Typography and Reading on the Web

reading

 It’s been said that good typography goes unnoticed. It’s only when typography fails that readers take note. One of the ways I encounter good typography is when I’m lost in the pages of a riveting book. Yes, great deal of it has to do with good writing; but the grease the fuels this desire to read is the design of the text. How the text flows on a page, its texture, spacing, composition, rhythm, harmony, emphasis, and the positive and negative space all work together to support the text. Inspired by a friend’s insightful presentation about web typography, I’ve taken it upon myself to learn more about how we as designers can optimize the user’s reading experience. After devouring some great articles about web typography, here are the highlights of what I’ve learned.

“Before users start reading a single word of text on a website, they are already judging the typography. More than any other design element, type sends instant messages about a site’s content and purpose.”
Ellen Lupton

Typeface vs. Font

For starters, we should correct our terminology. Much to my shame, I have been using the wrong terminology for too long. The words “typeface” and “font” are not interchangeable, as many seem to believe.

“Typeface” refers to the name of the design style or family of styles.
For example, “Arial” is a typeface.

“Font” refers to the format or storage for the typeface.
For example “Arial.ttf” is a font.

anatomy-of-type

Meaning in Typography

It’s easy to pick and choose a typeface because it looks interesting, but we must consider what the typefaces mean, what they imply, and what they say in their fine details. Beyond serifs and san serifs, it is crucial to explore the typefaces’ form, weight, strokes, lines, curves, and edges. We should treat text as a breathing presence on the page or screen, give it room to grow, and treat it with unapologetic largeness if need be. All of these factors invoke meaning outside of the text’s message.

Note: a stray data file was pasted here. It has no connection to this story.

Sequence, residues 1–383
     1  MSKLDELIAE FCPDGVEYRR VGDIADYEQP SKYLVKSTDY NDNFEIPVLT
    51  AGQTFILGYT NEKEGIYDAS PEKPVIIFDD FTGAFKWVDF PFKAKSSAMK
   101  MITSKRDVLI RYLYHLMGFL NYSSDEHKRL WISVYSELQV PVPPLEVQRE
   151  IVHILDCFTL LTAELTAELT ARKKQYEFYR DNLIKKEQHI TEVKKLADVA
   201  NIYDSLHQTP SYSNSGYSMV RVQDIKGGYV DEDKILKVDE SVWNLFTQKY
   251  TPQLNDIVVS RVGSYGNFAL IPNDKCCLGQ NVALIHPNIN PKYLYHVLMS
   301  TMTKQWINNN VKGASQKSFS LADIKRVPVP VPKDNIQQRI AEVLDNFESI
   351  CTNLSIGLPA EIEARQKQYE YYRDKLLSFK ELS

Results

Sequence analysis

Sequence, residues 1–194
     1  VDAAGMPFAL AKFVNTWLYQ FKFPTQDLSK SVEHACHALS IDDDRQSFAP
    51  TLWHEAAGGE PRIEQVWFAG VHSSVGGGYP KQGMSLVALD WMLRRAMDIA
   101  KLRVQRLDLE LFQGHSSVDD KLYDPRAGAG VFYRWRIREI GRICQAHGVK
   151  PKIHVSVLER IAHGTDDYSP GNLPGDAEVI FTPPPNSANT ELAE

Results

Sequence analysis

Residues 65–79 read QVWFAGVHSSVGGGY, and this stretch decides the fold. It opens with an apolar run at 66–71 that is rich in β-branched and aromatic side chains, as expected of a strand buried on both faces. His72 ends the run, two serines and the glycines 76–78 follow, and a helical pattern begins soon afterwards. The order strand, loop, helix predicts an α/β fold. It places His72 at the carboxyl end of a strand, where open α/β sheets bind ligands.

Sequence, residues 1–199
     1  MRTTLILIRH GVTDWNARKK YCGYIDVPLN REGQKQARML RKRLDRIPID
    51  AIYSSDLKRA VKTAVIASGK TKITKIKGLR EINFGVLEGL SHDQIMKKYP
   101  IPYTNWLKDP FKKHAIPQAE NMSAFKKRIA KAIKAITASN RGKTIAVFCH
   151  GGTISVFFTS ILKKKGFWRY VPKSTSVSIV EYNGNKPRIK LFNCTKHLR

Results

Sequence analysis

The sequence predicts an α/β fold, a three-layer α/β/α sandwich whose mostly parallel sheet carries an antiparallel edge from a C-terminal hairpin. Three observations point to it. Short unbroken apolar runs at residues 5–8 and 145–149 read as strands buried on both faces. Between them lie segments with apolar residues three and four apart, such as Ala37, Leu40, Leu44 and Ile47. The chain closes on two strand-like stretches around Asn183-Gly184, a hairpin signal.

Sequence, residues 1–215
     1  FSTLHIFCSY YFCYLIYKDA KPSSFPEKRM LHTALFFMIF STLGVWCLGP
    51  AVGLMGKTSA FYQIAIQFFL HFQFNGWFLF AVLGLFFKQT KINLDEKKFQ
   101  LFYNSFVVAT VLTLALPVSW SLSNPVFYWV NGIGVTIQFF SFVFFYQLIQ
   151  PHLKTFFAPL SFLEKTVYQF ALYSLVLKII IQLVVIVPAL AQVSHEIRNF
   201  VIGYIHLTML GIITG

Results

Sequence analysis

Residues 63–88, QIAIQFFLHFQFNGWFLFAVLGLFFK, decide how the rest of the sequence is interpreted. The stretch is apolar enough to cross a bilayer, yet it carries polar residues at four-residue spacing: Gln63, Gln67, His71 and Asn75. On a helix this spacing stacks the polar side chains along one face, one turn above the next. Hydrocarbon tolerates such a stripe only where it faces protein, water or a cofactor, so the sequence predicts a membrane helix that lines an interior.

Pairing Typefaces

A popular opinion is that two typefaces is more than enough for a project. Of course, this  doesn’t apply to all and every situation, but it’s safe to assume that less is more when choosing typefaces.

But how do we pair typefaces? Here are some things to consider:

  • In terms of contrast, do the typefaces compliment each other or create tension? There is little point in choosing typefaces that appear too similar.
  • Serif and sans serif fonts pair well (usually)
  • Trust your gut

Readability

What makes us want to read on the web, and what doesn’t? How can we make the user’s experience of reading more pleasurable? It’s easy as web designers to set default type settings on a page and continue on our merry way, but just because the text is readable doesn’t mean others will read it.

“Readability doesn’t ask simply, “Can you read it?” but “Do you want to read it?”
Stephen Coles

What can we do with our designs to keep the reader’s attention? Here are a few questions to ask ourselves when evaluating our typographic choices:

  • Is the typeface good for extended reading?
  • Is the typeface large enough to read on the web? (usually 16 pixels or larger is best)
  • Are the headlines distinguishable from the body copy?
  • Is there enough line height to increase readability?
  • Does the typeface accommodate various styles and weights?
  • Am I using too many fonts that distract from the message?

Writing for the Web

Finally, writing for the web is different than writing in print. Web users tend to scan text for key words rather than reading word-for-word. This is why it’s important that writing on websites should be broken up into bite-size sections that are easy to scan. These sections should start with clear headings with the key message first. The rest of the copy should flow in an inverted pyramid style with the least important message at the end. However, some could argue that all the messaging should be important, therefore one must delete unnecessary words.

That being said, not all users are cursory readers. Given the right context, cursory readers can transform into readers who consume lengthy texts if the situation calls for it. Limiting distractions on a page is one way we can keep the attention of our readers. White space helps the reader focus, and helps the text breathe. Keep related links and info at the top or bottom of the page, do not disturb while the user is reading the article.

Don’t Stress about Typography

“We have principles, best practices, and methods that work most of the time, but nothing works all of the time. We can do our best to ensure that something is durable: good-sized type for reading, plety of whitespace, pleasing typefaces, and visual appeal, but we can’t account for all environments and devices, which are often in flux. Learning typography is about figuring out what choices work best for each situation.”

– Jason Santa Maria

Although many people have written insightful articles about good typography, the fact is, there are no set rules in typography.  Sometimes we have to trust our gut when making typographic choices. That’s what makes typography fun!

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